21 October 2005

Peaty Goodness

Just back from Scotland, where I did my best to neglect the Pig. I visited Edinburgh and Glasgow, with a tour of the Highlands in between. What does a tourist do in the Highlands, apart from gawk at the ubiquitous sheep and bison-like brown cows? Visit Scotch whisky distilleries.

Walking by huge copper pot stills and oak vats, I felt as though I was in an oversized chem lab, but instead of precipitating out para-dichloro-benzene, the workers here were making spirits, sweet spirits. As you moved along the whisky-making process, the scents, or really, smells dominated my senses. Bright beery yeast in one room, alcohol in another, and finally the cool mustiness of the storage cellars where casks of ageing whisky lie dormant, slowly absorbing the flavors of the former sherry casks.

My tastes run the spectrum of whiskies, across Scottish geography. My preferences also cross various distillery parent companies. The lighter Speyside whiskies I enjoy, Macallan and Glenfiddich, are owned by the Edrington Group and William Grant & Sons. Edrington also owns the vile Cutty Sark, a.k.a. "The Shark" for its unwelcome bite. Glenlivet is pretty good, and is owned by Chivas Brothers, now a subsidiary of Pernod Ricard. Moving westard and peatier, Oban and Lagavulin are both excellent and operated by Diageo. LVMH Moët Hennessy Louis Vuitton owns Glenmorangie, a light single malt often mentioned as one favored among women whisky drinkers.

Investing in most of these companies is more difficult than finding a bottle of Glenfiddich's 21-year-old Havana Reserve here in the US. Edrington and William Grant are privately-held. LVMH and Pernod Ricard are public... in France.

That leaves Diageo, which happens to trade on the NYSE as DEO. Diageo smartly markets its diverse range of single malts under the mark "Classic Malts of Scotland" pictured atop this post. Diageo also owns unrelated booze that's quite popular in my home: Guinness, Tanqueray, and Baileys.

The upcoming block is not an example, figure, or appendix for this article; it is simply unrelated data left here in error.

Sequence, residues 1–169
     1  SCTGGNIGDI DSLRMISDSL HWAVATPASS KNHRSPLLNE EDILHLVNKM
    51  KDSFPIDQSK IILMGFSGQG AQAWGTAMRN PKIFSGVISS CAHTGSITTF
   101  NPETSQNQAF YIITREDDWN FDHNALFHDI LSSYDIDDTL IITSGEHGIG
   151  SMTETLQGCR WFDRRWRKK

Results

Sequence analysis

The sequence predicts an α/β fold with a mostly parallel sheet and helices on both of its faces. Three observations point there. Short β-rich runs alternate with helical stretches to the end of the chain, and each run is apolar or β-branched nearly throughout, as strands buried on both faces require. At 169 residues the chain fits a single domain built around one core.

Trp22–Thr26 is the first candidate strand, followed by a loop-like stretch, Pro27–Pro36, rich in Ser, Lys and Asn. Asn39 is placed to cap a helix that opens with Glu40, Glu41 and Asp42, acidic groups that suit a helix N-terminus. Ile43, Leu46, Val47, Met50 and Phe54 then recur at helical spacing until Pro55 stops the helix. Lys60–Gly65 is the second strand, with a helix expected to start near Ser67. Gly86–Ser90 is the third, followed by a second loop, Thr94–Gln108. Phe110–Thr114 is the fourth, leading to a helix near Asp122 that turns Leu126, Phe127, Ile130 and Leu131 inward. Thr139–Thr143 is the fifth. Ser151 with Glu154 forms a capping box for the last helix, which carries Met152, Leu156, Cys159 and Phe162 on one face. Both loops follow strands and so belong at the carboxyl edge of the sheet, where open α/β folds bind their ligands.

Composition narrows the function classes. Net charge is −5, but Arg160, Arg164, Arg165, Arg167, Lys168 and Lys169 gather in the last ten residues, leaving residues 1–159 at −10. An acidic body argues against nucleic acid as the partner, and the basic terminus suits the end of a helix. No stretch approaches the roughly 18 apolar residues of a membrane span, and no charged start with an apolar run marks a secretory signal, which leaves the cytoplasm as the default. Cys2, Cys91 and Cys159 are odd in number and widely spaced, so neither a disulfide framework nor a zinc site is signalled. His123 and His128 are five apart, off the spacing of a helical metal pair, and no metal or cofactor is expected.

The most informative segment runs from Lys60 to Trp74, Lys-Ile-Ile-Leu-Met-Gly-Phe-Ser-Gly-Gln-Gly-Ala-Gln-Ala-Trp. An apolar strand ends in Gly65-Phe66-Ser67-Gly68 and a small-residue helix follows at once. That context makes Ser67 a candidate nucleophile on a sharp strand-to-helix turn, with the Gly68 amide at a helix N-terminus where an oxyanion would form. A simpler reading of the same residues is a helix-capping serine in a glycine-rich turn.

I worked through a quick discounted free cash flow model for DEO from my vacation reading, using the following figures:

current stock price = $57.80;
shares outstanding = 762.592 million;
current year free cash flow = $2456 million;
next year free cash flow = $2701.6 million (10% increase);
perpetuity growth rate (g) = 3%; and
discount rate (R) = 10%

Morningstar only had FCF figures for DEO since '02. FCF increase from '02-'03 was 62.4%, and '03-'04 was 31.1%. The lack of additional data led me to make up the 10% annual increase for the model. Using these assumptions, I came up with a per share value for DEO of $79.69. This is 37.9% higher than the current market price for a share of DEO. My model could be a bit dear, a wee bit optimistic.

Looking at some data from Smartmoney.com, DEO has a PEG of 1.32, a bit lower than its competition. It also sports a dividend yield of 3.81%. That seems a generous number for this industry.

Now I don't feel so bad that my only Scotch investing option is Diageo.

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